Equipment manufacturers are starting to develop eco-friendly products – but the trend will have to ramp up for the sport to remain relevant for Millennials and Gen Z, says Aubrey McCormick
When you think of golf products – such as equipment, apparel and golf balls – which brand comes to mind when considering environmental or social sustainability, if any?
In an industry trying to align with Millennial values, there is an opportunity to invest in the development of more sustainable products. Millennials and Gen Z consumers are more inclined to spend their money on brands that promote social well-being, are transparent about their manufacturing practices, and have ethical business standards. Sustainability is becoming a top priority for major brands around the world because of pressure from consumers, finite natural resources, and changing demographics.
According to an international study by Nielsen, 66% of global consumers are willing to spend more money on sustainable goods, with 73% of Millennials citing sustainability as the primary reason for purchasing from specific consumer brands.
“Brands that establish a reputation for environmental stewardship among today’s youngest consumers have an opportunity to not only grow market share but build loyalty among the power-spending Millennials of tomorrow, too,” said Grace Farraj, senior vice-president of public development and sustainability at Nielsen.
Golf is a lucrative industry, funneling more than $84 billion into the US economy. In 2018, there was a surge of 2.6 million newcomers to the game, 70% of which were under 35, 35% were women and 26% coming from non-Caucasian backgrounds, according to the National Golf Federation.
These figures would have been unfathomable to the founding fathers of golf – a game that was started in 1457 by players using feather-stuffed golf balls and clubs shaped from tree branches. Equipment in those days looked very different, was manufactured using different raw materials, and never with a full understanding of what their impact was on the physical environment.
Modern golf products are undeniably disruptive to the environment, while advancements in technology can only go so far. This begs the question: is sustainability the next megatrend that golf must embrace to grow the game?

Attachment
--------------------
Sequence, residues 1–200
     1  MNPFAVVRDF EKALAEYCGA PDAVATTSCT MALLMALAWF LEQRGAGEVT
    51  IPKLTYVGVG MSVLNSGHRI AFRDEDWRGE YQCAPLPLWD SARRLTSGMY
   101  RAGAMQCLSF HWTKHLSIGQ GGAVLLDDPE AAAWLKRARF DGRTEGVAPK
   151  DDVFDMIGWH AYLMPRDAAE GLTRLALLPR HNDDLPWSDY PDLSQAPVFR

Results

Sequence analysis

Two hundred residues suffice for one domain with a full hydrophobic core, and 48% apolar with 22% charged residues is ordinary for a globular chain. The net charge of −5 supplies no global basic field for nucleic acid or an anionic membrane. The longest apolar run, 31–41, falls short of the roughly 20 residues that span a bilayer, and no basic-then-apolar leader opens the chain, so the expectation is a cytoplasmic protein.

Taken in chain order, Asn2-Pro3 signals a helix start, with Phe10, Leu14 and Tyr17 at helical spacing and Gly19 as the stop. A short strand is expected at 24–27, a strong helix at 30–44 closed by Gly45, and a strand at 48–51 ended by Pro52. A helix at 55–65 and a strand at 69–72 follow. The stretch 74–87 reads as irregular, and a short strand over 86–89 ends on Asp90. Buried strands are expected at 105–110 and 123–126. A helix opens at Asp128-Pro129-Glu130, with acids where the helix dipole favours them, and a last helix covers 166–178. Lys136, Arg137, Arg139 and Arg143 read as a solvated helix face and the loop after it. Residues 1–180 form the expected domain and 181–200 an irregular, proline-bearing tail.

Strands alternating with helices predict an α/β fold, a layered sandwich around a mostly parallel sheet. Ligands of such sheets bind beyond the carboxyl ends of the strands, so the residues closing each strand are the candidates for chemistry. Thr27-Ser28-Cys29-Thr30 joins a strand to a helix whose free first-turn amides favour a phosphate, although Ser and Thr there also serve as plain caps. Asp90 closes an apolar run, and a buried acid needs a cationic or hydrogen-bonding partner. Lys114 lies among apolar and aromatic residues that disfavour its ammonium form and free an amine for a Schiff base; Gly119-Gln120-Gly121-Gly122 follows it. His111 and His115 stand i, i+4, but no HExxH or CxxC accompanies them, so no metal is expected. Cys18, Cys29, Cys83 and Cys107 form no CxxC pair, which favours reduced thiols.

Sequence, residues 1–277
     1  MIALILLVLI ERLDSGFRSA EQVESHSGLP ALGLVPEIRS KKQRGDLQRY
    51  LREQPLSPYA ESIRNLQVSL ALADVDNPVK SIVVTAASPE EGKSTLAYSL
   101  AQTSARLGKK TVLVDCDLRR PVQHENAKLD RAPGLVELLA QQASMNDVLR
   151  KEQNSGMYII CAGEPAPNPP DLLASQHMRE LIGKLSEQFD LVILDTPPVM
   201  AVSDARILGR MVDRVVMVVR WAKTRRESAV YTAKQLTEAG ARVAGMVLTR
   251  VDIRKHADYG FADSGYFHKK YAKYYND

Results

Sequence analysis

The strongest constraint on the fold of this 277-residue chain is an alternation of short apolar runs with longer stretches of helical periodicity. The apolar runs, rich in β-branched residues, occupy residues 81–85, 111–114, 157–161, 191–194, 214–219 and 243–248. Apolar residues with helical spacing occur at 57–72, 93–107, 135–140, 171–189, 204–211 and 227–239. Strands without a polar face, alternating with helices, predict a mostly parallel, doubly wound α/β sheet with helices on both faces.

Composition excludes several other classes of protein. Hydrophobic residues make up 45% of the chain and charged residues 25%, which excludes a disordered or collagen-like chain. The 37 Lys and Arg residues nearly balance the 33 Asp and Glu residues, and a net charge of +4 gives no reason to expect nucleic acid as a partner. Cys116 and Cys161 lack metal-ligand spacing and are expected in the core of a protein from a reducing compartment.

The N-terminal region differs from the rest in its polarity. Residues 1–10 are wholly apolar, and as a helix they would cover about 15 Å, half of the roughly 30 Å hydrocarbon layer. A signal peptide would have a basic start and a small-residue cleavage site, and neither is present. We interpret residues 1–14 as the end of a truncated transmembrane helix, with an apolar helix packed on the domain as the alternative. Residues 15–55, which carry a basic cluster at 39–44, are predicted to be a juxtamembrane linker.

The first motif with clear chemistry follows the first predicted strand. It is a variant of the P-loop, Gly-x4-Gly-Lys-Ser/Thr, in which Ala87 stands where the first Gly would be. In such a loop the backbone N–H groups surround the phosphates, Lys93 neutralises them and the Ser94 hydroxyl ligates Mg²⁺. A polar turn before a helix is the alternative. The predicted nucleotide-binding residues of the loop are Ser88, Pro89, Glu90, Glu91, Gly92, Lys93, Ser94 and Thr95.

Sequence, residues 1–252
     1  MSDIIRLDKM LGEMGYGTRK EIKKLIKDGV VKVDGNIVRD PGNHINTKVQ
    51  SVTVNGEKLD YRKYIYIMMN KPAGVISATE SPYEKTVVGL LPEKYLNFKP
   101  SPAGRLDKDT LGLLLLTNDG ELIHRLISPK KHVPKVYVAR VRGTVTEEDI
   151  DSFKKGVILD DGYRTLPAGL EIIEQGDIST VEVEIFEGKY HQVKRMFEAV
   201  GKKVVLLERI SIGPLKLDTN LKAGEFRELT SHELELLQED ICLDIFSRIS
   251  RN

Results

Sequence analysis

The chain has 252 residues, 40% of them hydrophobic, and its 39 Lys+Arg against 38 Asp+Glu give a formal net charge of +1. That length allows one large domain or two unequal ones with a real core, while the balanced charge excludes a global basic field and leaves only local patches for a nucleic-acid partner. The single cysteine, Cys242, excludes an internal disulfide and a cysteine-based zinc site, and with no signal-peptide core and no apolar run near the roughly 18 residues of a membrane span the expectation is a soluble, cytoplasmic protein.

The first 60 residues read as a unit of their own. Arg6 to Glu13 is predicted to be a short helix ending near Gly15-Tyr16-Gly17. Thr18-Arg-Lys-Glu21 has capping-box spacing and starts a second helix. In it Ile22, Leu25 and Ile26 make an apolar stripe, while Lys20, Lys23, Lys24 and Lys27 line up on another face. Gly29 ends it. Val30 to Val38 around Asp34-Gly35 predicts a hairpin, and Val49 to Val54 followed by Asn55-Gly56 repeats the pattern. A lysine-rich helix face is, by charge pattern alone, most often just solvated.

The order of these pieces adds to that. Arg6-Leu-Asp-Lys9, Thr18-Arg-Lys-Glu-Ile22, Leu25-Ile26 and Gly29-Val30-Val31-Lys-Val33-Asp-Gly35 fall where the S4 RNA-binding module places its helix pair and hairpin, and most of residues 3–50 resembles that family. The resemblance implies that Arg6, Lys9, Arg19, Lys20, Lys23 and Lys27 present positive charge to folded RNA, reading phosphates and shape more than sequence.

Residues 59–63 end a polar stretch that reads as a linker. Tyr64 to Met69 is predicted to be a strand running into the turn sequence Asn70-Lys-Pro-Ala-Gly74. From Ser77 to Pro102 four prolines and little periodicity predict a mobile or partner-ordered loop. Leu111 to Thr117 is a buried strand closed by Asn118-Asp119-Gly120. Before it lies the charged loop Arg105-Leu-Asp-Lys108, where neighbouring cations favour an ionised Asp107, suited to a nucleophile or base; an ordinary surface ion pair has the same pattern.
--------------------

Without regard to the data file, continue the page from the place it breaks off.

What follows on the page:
A report published by the National Golf Foundation has stated that there is an estimated 6.3 million golfers between the ages 18-34 playing an average of 14.7 rounds per year (approximately 93 million rounds) and spending an estimated $5 billion a year on equipment, merchandise and playing fees. The report listed the “10 key considerations for golf brands and companies to keep in mind as we chart a way forward with millennials,” and sustainability was not one of them.
The question is, ‘where can golf go from here?’
There are a handful of companies in golf that are paving the way for more sustainable products. Golf balls and tees seem to be the low hanging fruit currently. However, there is more opportunity for development.
The consideration of sustainable progress isn’t only in developing new products, but an opportunity to create circularity in the consumption of these products. Many people entering golf may not want to pay top dollar for premium equipment and apparel, making the secondhand options much more viable and less of an impact on the cycle of product manufacturing: take, make, use, waste.
Two out of the top five golf product companies promote their commitment to environmental stewardship by manufacturing goods in more sustainable ways. PING showcases its Environmental Health & Safety (EHS) Policy and Supplier Code of Conduct that features transparency in its supply chain, while Callaway Golf sells two golf bags made out of 600D CORDURA© Eco Fabric – a polyester made from recycled plastic.
Other companies leading the charge include Dixon Golf, which created the world’s first 100% eco-friendly golf ball. Dixon’s mission is to lead the golf world in generating “green” initiatives to help eliminate the estimated 300 million golf balls discarded each year. The core of the golf ball is compounded of heavy earth salts, as opposed to heavy metal fillers with a polymer cover that can be broken down. In addition, with every purchase from Dixon Golf, they pledge to plant a tree.
The Eco Bio Ball was created by AlbusGolf, a Barcelona–based company that’s dedicated to designing innovative products with ecological and biodegradable features to improve the sustainability and biodiversity of marine life. It’s goal: to satisfy the sporting and leisure requirements of its customers while improving their environmental awareness. These golf balls are biodegradable within 48 hours of hitting the water. They are 100% safe for marine flora and fauna, and even release fish food contained in their core once broken down.
And the Eco Golf Ball and Eco Golf Tee are respectively made from wood (that is biodegradable within six months) and recycled materials (produced to outlast bamboo or wood by 50x).
Innovation will need to continue – and at a fast pace – if golf wants to align with the lifestyle and purchase behaviours of the Millennial and Gen Z demographic. A lucrative opportunity is there for manufacturers able to read these trends and create the products and conditions to keep golf relevant for the younger generation.
Aubrey McCormick is an entrepreneur, LEED-accredited sustainability professional, media personality and former professional golfer